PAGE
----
I must start this off with a question, and that question being this...
"When did humanity become so holy, that we can point fingers at another person's "struggles" and rate it a higher caliber than our own?
As a bisexual man, who was raised in church, is the "front pew sitting" grandson of a pastor, a Christian college graduate, ministry leader, and a former associate pastor, I write this from my own personal experiences.
When I began to fully come to terms with the fact that I was attracted to other men... my life felt like it was over. Of course, there were clues growing up that I would one day struggle with the idea of being labeled "LGBT." I, however, downplayed it, and I didn't act on it. I hid it in shame and prayed over it during every prayer service. I wrote it on my little sheet of paper that I held in my hand and ripped up at the command of a pastor, who preached of deliverance from the stage as I stood there in tears. I wanted it to go away. I didn't want to be that guy.
Believe what you will, whether born or nurtured gay, it was in there for as long as I can remember. I wrote it off as "normal," I figured every guy had those thoughts, that every guy fought the "temptations."
But, more than my fight with myself, it was the fight with the church that had me wanting to hide myself. That had me wanting to change myself so that I would be accepted, so that others would love me. So that God would love me.
You see- I sat through messages and amongst conversations, where people that were close to me, friends, family, coworkers, sat and downgraded the people, the "subculture," that I knew I identified with. I listened to people who claimed the love of Jesus, the acceptance of Jesus- but spoke as if there was no hope for the "lifestyle" in which I fought against to live publicly.
I sat in my office, as a pastor, and I watched the people who struggled with their sins of adultery, drug abuse, premarital sex, gossip, drunkenness. I saw them embraced by others who were championing them. I saw them come to church, as themselves, and feel at home... a sinner among sinners, saved by the blood of Jesus. However, I knew, deep within myself, that the moment people found out about my "sin," I'd never be seen in the same light again. I'd be more like the leper in the crowd. My calling to live a life as a Christian would be over. I'd have to denounce my belief or change my ways, which I knew was as much a part of me as the color of my eyes.
There are great debates out there concerning homosexuality and the handful of times that the idea is even thought to be mentioned in the Bible. We read the teachings of Jesus, the sermon on the mount, the parables. We never hear, from the mouth of God, that homosexuality is, in fact, a sin. But what we do hear is how we are called to love our neighbors- even our enemies, how we are called not to worry, and to do unto others as we want done unto us.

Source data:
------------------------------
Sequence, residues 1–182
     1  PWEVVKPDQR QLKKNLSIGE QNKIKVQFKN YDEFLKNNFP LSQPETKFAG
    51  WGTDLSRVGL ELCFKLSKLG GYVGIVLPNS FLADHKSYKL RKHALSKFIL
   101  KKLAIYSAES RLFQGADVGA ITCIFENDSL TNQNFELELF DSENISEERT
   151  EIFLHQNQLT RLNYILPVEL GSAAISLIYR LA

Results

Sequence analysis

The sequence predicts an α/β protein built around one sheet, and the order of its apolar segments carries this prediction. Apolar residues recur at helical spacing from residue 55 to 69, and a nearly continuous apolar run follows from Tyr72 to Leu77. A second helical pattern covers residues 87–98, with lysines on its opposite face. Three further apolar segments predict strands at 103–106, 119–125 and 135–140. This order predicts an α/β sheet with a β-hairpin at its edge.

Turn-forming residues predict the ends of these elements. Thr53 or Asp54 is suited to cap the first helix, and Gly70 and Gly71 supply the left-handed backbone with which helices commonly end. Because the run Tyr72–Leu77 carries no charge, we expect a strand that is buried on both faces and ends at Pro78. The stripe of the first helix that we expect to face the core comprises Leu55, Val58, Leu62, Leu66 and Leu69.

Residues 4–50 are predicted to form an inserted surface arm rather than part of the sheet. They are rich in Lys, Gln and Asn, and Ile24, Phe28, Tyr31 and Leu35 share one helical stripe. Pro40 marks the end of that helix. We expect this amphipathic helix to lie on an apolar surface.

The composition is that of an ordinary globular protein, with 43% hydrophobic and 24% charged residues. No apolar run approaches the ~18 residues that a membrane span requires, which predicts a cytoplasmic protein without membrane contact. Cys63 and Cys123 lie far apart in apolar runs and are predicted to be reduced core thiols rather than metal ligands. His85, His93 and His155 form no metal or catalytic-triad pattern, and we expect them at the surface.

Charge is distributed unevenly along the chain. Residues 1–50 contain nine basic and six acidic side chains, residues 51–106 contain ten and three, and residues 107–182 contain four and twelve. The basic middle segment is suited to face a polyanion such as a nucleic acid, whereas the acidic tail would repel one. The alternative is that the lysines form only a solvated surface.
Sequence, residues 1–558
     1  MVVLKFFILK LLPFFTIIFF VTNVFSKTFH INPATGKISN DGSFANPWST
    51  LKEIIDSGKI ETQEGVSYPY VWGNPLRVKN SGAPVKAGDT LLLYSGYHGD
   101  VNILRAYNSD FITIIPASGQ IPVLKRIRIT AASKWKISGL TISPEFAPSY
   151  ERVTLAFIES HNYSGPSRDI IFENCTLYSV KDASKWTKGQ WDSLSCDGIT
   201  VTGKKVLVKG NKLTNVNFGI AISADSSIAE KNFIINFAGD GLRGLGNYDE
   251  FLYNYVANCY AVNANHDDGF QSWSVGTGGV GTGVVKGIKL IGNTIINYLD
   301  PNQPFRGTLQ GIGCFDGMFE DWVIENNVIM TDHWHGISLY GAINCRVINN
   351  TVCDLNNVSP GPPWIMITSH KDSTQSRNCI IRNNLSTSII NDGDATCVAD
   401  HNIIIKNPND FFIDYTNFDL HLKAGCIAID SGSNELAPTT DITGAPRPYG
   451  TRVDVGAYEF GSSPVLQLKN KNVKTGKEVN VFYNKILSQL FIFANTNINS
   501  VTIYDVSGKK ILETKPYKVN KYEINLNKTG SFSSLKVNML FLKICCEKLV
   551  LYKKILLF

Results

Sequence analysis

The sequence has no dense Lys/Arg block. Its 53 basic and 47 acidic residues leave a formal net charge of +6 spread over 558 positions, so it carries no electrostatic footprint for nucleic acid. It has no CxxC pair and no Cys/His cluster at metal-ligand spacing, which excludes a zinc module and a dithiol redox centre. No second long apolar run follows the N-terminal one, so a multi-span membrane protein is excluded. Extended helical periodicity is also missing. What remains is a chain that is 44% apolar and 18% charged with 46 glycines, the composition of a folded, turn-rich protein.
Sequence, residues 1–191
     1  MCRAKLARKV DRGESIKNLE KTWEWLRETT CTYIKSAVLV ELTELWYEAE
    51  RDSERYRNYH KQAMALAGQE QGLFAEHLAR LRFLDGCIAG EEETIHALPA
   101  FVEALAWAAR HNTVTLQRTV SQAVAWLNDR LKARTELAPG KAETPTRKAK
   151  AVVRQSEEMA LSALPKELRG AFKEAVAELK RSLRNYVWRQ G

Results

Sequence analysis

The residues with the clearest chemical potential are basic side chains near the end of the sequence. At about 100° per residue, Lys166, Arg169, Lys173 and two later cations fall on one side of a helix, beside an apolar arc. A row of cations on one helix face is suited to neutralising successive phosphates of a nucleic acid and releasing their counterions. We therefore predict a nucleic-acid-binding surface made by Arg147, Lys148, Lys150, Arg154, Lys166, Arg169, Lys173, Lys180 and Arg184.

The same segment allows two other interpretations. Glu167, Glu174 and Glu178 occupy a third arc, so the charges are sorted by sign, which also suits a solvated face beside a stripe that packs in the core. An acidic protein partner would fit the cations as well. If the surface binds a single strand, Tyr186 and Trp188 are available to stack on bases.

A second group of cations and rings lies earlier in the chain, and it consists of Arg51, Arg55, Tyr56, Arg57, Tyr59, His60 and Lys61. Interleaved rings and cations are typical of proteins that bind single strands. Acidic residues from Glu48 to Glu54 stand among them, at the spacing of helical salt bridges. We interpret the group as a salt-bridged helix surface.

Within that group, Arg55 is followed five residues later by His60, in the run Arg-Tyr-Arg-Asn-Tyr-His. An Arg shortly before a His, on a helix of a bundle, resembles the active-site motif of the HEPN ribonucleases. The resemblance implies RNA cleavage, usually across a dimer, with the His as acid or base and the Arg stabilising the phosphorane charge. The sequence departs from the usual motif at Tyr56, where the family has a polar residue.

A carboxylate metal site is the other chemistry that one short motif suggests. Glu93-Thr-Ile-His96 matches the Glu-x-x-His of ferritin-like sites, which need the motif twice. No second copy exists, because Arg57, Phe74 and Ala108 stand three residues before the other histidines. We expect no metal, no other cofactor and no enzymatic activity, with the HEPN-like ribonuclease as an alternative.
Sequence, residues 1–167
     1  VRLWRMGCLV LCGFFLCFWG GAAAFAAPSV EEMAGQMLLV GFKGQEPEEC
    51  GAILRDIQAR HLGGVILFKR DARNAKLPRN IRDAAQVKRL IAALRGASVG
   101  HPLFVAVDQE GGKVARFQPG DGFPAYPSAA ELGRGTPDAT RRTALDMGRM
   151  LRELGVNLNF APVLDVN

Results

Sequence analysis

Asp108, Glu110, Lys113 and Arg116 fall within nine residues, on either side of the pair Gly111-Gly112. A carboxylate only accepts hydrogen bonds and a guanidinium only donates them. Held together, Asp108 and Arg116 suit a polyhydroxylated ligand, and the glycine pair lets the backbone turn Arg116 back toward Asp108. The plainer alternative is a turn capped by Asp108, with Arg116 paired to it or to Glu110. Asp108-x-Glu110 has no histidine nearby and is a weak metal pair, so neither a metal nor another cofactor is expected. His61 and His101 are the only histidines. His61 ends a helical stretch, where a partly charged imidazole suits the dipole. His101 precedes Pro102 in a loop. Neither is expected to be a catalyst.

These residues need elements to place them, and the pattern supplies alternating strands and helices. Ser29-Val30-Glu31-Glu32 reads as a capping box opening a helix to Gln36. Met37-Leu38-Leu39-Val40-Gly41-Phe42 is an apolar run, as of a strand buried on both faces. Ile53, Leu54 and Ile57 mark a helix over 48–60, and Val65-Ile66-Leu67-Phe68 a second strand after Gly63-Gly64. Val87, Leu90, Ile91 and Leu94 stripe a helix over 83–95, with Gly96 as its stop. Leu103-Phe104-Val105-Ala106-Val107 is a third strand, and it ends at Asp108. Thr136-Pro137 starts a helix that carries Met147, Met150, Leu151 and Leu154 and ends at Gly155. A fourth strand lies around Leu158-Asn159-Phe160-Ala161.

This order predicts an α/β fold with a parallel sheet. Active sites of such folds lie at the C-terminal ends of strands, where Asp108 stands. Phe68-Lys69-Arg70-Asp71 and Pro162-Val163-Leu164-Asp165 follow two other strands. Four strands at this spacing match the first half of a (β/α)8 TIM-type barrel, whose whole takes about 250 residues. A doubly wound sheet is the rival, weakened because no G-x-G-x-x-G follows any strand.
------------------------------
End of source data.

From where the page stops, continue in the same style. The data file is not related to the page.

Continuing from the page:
We choose to focus not on the teachings of Jesus, but instead on the phrasing used in a teaching by a man who was once a murderer of Christians, who directly talks to a certain group of people in ancient times about a topic that is loosely translated to equate with terminology used in a far more advanced and complex society. We find the three verses in the New testament that may have something to do with same-sex relations, in the light of today's meaning of the word, and we use that as a ploy to directly condemn and isolate, even marginalize, a complete group of people. A group of people who are just as loved by Jesus as the next man.
A gay man sitting in a pew at church, who wants nothing more than to grow in his relationship with God- is bombarded with the message that he isn't good enough as he is. He hears that the church isn't the place for him. That his "lifestyle" is somehow seen as more of an abomination that anything else that those around him are dealing with. He slips in for the message, and out as soon as it is done-- afraid that any prolonged conversation may give away his secret and open him up to harassment.
He hears "Christians" shout that God hates gays, that baking him a wedding cake will send the baker to hell, that allowing him the same rights as others will somehow limit God's love and approval of "straight mankind."
I have, thankfully, been given the amazing opportunity to call so many gay and bisexual men my friends. I have heard their stories... stories of turning from God because of being persecuted in youth group, turning from God because "God hates gays," turning from God because the church makes them feel unwelcome, turning from God because their religious parents turned on them... and I wonder when the church lost sight of what the church was called to do. To minister and bring Jesus to the world. Empowering others to revel in the love of God, to use their unique gifts to impact the world.
I think it's about time we focus on Jesus, and leave the judgment and ridicule to the Pharisees. I think it's about time we love on people who look different than us, who dress differently than us, who speak differently than us. I think its about time that the church starts giving God the rep He deserves and not the negative view that has become of it. I think it's time we focus on helping the world and not condemning the world.
God didn't send a condemner, He sent a savior. He made every human special, in His image, with a unique gift and a unique purpose.